Barn Owl was always an intriguingly fluid and evolving project and that creative restlessness has certainly continuing on into the solo work of Evan Caminiti and Jon Porras. For this latest release, Porras takes his conceptual inspiration from Indian musician Gita Sarabhai, who once mentioned in a conversation with John Cage that art exists to "sober and quiet the mind, thus rendering it susceptible to divine influences." As such, the tone of Voice of the Air is largely a meditative and drone-based one, but Porras also had some new revelations about composition along the way, diving into John Chowning's frequency modulation (FM) synthesis ideas and exploring how to use them as a structural basis for his own work. The results of that experimentation are often quite wonderful, as Voice of the Air is an album filled with strong, simple themes that vibrantly squirm, shiver, and oscillate with shifting textures.
Few things make my eyes glaze over faster than hearing about which synthesizer someone used to record an album, yet the fact that Porras used a Yamaha DX7 for this album is a noteworthy one for a few reasons.For one, Yamaha licensed Chowning's FM synthesis techniques for that specific model, so the perfect tools were readily available and Porras just needed to figure out how to properly harness them.Secondly, it is a remarkably affordable and easy to acquire bit of gear, which very much runs counter to the current trend of fetishizing the rarest and most fabled modular synths.I definitely understand the appeal of having an unpredictable electronic collaborator and being able to easily tweak and manipulate all aspects of texture, but the trade-off is that the gear itself often plays a significant role in dictating the structure and direction of the work.The traditional route of first having some strong and coherent ideas, then finding the right instrument to realize them is often an underappreciated one these days.That approach likely has a lot to do with why Voice of the Air does not sound like a synth album, nor does it quite cover any of the same aesthetic territory that anyone else has staked out in the drone world.There are certainly recognizable synth sounds and textures, but they are organically pulsing, sizzling, and shuddering in a sea of heady, psychotropic drones, and the mood is a unique one.If androids do not dream exclusively of electric sheep, I suspect their dreams would resemble the corroded and crackling beauty of Porras's soundscapes.
I am not sure if the strongest moments necessarily come at the beginning of the album, but those are the ones I tend to remember, as the album's seven pieces feel like they drift, twist, and curl like a long tendril of smoke.As a result, the boundaries between them become irrelevant almost immediately and the parts are stand out are merely those that occur before I am fully drawn into the album‚Äôs languorous and gently billowing spell.In any case, the early "Colors Passing Through Us" is certainly representative of where Porras excels on this album, as the piece is centered on just a slowly flanging pulse that buzzes and throbs its way through a warmly beautiful, soft-focus landscape of woozy chords before being enveloped in a shuddering, rumbling squall of static.Even during the piece's most gnarled moments, however, Porras still manages to maintain a masterful lightness of touch, allowing dreamy glimpses of organ-like chords to faintly pierce through the snarling distortion.Elsewhere, "Peach Fire" repeats similar themes in more inventive and sublimely gorgeous fashion, as the elusive, heavenly chords creep a bit more into the foreground and the pulsing backbone at the center erratically changes the rhythm of its cycling to weave a disorientingly precarious sense of time and place.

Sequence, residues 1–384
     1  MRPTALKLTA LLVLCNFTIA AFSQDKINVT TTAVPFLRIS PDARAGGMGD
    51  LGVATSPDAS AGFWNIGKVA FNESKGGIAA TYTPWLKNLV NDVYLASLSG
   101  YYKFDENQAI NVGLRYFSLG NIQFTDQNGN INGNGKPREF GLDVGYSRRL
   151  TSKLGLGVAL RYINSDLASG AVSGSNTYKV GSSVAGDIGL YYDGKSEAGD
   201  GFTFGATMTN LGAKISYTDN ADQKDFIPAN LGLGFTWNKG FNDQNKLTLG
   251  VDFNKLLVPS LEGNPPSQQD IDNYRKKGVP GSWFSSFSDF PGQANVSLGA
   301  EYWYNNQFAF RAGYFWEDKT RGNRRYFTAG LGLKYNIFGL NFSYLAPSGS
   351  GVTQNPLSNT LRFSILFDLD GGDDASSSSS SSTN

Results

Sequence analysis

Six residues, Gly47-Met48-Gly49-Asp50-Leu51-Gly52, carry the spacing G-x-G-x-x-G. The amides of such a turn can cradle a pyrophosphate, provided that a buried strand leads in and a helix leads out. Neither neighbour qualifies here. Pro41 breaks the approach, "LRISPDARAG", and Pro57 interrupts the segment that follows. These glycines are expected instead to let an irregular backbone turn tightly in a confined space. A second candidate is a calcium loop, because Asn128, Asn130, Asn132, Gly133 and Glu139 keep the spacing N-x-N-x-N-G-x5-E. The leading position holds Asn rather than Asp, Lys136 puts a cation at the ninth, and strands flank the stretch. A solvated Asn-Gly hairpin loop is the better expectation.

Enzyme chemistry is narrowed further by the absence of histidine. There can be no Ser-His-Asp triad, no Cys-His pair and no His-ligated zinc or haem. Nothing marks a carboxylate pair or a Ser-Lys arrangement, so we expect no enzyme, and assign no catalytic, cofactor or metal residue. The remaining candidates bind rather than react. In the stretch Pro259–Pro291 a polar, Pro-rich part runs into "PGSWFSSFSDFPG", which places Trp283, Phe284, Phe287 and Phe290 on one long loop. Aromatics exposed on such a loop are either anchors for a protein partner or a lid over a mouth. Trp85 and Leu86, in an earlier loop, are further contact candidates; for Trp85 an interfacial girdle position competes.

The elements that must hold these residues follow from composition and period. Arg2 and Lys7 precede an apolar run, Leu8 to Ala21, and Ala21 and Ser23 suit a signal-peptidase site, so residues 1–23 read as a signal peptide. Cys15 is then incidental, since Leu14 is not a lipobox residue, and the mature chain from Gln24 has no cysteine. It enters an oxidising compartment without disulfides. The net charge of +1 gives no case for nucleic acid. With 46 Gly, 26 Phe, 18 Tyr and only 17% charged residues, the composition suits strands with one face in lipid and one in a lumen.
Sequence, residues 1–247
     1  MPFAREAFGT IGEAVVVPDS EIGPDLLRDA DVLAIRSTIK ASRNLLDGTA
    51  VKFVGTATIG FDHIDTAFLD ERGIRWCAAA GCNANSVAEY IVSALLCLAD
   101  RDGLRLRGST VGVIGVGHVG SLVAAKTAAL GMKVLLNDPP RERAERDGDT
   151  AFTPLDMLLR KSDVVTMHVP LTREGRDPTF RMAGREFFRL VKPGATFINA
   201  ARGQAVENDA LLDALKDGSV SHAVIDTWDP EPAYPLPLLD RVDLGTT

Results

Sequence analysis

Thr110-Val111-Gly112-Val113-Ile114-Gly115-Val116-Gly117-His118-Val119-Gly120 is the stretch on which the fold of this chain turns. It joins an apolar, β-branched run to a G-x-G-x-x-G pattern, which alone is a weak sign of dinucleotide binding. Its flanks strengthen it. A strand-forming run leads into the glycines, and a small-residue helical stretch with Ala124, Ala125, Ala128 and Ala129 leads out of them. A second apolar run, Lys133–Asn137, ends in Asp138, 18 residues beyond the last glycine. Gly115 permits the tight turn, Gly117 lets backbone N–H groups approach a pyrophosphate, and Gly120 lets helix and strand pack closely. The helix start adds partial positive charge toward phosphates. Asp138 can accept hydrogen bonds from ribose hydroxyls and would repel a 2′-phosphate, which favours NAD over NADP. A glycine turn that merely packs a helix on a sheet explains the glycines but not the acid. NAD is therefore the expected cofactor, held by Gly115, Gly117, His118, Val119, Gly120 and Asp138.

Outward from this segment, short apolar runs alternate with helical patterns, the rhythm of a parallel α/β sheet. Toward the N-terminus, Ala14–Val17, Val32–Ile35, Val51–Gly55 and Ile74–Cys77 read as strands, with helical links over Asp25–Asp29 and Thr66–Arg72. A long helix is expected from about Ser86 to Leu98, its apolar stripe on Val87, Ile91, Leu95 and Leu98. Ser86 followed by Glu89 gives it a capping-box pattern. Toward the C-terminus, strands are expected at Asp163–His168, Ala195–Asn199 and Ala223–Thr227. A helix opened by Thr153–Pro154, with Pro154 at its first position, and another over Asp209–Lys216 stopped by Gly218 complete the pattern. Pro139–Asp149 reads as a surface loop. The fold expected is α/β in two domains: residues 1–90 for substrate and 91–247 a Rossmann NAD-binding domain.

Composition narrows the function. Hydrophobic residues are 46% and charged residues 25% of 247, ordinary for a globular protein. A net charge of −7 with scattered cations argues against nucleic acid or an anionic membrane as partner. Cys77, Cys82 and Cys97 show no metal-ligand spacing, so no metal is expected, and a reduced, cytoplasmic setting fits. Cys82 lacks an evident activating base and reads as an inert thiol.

Sadly, Voice of the Air is quite a brief album, barely squeaking past thirty minutes, but it is a quiet minor masterpiece of understated psychedelia all the same.In a way, Porras's chameleonic career is like some kind of supernatural space virus from a horror-tinged science fiction film (albeit in a good way), as he seems to move from subgenre to subgenre (host to host), leaving something noticeably transformed and enhanced in his wake.Obviously, a few of Barn Owl's guitar albums are hard to top as far as carving out a small but distinctive niche in an existing scene, but Voice of the Air definitely manages to sidestep a lot of tired drone tropes in remarkably nimble and thoughtful fashion. ¬†For one, these pieces are anything but static, as every single layer seems to be constantly shifting and undulating like a living entity.Moreover, Porras does not overtly appropriate many Eastern musical touches, but instead internalizes a foundational philosophy and applies it to something all his own.I was also struck by the occasional appearances of more prominent and rhythmically pulsing synth motifs that add an unusual neon-lit cityscape element to these flickering dreamlike reveries.Porras is doing something much deeper and more creatively adventurous than trying to evoke ritualistic drone traditions from other cultures or merely adding his voice to the chorus of contemporary drone masters, as Voice of the Air feels like a very contemporary and sincere attempt to create an immersive and hallucinatory soundtrack rooted in the here and now.This is an excellent and inspired album.
Samples can be found here.